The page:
Beer, in a glass of its own

There are tulips, nonics, jugs, straights, stems, pilsner, goblets and the list goes on, so which is the right glass? Firstly it should be the branded one. If the brewer has chosen a specific glass for their beer then use it, it’s how they intended their beer to be presented, it’s what they want their drinker to experience. Simply putting a pint of beer in the correct branded glass and facing the branding to the customer shows a great deal of care has gone in to that beer. It speaks volumes about the establishment and the staff that so much attention went in to that small detail. It makes the customer feel they are somewhere that cares about them, somewhere that cares about beer.  

More over, failing to do complete this simple task speaks volumes too. Getting served a beer in the wrong glass always gets my goat. I’ve often rambled on to staff, customers, friends, family or poured my views out over Twitter or Facebook.  Serving a lovely pint of Adnams in a Fosters glass or a pint of ale in a Guinness glass to me gives the impression that the establishment doesn’t care, for me it’s all about the little things, simple things like presentation. It’s not only about whether the beer tastes any different, we don’t go to a good restaurant and forgive them what looks like a dogs dinner flung at a plate with a catapult because it’s tasty, we’re paying for the whole experience. When we hold our Beer and Food matching dinners at The Thatchers we are only serving tasters, a pint glass would be overkill, so we serve the beers in goblets or wine glasses, this instantly changes the diners perception, it gives the drink elegance and puts the beers on a level playing field against each other and against wine.

To really show what a glass can do for a beer, it’s worth mentioning the Germans, Belgians and the Dutch for starters. A whole history of glass design to go with each and every beer. I’ll never forget my first Erdinger Weiss in that tall, slender glass with a thick foamy head, aromas of bananas and cloves pouring out of the bulbous top. Then there is Duvel in its own unique goblet, designed to retain the thick head while the devilish crafty beer slips out underneath. Hoegaarden must have spent fortunes stocking students cupboards with those iconic chunky oversized glasses over the years, but have you tried drinking Hoegaarden out of a standard pint glass? It just doesn’t feel right, it doesn’t seem to taste the same. I believe a glass can enrich the experience of drinking a beer. Sometimes it’s because of the shape of the glass and the way it harnesses the aromas as a significant part of our flavour perception is down to smell. Sometimes it’s because the design of the glass retains the head or helps keep the beer carbonated, and sometimes I can’t quite put my finger on it, for no scientific reason at all, it just tastes better at that moment in that glass.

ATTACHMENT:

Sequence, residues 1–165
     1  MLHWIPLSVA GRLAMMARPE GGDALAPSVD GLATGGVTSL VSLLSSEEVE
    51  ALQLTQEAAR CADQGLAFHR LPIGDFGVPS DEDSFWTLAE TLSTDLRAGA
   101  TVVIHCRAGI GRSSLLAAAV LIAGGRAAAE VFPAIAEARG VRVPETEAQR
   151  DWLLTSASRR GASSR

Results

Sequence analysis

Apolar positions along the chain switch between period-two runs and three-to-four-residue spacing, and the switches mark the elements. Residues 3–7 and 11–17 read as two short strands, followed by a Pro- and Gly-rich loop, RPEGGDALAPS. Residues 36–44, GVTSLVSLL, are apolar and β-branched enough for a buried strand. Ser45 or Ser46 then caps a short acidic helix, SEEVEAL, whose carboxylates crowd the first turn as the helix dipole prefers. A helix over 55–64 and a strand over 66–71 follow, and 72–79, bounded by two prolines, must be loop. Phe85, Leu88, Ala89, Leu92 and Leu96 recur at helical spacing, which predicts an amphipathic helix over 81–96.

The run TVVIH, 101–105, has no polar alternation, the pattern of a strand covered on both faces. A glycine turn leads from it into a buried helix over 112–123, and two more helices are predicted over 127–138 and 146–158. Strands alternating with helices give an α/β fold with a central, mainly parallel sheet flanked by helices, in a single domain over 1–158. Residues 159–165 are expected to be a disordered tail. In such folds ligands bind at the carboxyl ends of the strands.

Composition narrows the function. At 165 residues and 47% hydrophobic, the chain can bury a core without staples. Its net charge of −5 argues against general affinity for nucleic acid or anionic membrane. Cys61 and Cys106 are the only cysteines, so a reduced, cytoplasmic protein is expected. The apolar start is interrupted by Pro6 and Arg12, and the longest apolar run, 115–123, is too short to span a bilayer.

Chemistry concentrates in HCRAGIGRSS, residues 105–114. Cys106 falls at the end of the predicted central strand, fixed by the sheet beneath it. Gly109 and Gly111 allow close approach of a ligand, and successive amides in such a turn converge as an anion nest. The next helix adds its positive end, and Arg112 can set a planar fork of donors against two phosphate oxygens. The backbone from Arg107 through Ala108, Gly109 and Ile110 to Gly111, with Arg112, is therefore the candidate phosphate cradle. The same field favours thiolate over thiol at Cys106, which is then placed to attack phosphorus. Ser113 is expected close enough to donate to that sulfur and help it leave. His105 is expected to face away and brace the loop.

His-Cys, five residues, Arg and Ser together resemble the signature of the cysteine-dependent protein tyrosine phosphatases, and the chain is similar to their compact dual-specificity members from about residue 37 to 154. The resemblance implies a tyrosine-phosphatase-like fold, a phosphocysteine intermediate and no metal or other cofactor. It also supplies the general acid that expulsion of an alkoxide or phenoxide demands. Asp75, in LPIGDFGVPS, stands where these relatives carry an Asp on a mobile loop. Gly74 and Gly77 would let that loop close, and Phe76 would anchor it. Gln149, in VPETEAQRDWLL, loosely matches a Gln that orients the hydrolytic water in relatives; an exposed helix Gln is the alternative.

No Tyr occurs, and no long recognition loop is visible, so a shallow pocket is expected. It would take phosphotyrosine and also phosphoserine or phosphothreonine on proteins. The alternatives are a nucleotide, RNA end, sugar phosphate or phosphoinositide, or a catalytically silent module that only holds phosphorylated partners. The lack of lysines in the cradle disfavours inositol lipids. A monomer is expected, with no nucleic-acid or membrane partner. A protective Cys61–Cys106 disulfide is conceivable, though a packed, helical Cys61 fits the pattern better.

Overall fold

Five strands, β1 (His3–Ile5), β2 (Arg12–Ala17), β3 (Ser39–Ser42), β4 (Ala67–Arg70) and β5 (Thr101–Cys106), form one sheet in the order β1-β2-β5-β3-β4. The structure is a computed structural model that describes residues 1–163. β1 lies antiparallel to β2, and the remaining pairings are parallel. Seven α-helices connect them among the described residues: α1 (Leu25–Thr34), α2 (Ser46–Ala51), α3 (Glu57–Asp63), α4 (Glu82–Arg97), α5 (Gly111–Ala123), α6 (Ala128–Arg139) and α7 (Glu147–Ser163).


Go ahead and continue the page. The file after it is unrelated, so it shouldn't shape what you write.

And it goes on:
One of my most enjoyable beer moments has to be drinking unfiltered, unpastuerised Pilsner Urquell in the cellars at the brewery in Pilsen. Poured straight from the cask into a stunning Czech crystal stem glass with a tapered top. As you tip the glass to drink, the tapered neck cups your nose accentuating the wonderful aromas of Saaz hops and Pilsner Urquell yeast. It’s a moment I will always remember, would it have been as memorable from a tumbler or a standard beer glass, I really don’t think it would.

I am off to the European Beer Bloggers Conference this week and I’m very grateful to Pilsner Urquell who secured my ticket for me and for asking me to write a new blog for their Master Bartender site (launching fully soon). I’m really looking forward to raising a glass of the unpasteurised Czech beer with the thirsty Brewmaster to celebrate 170 years since Pilsner Urquell was first brewed, naturally we’ll have the correct glassware! However I’m even more excited about the seminar we’ll be having on beer glasses from Spiegelau, the Worlds oldest beer and wine glass manufacturer. Hopefully I’ll gain some insightful knowledge in to the science and the psyche behind beer glasses and the effect they have on our drinking experience. Before you ask, yes, I am happy to admit it, I am a geek. I’ll also get a complimentary ‘connoisseurs choice’ pack of beer glasses to take home, I guess I’ll just have to keep practicing until I find my favourite glass…

Does anybody else feel as strongly as I do about the right glass for each beer? No? Just me?

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6 thoughts on “Beer, in a glass of its own

  1. Mitch. I am delighted to see that someone gives attention to small yet critical things such as this. Has long been a bugbear of mine, and I thought it was merely an indication of very minor obsessive compulsive tendencies but the way you put it is spot on… interesting that you pre-empted the speigelau tasting. Hope to read some thoughts of yours on that in time. John

  2. Totally agree, I have been banging on about the importance of glassware for years, it’s about shaking up perceptions and, as you say, in an on trade environment using them as a reinforcement for quality offerings, showing you care. Well said mate, well said.

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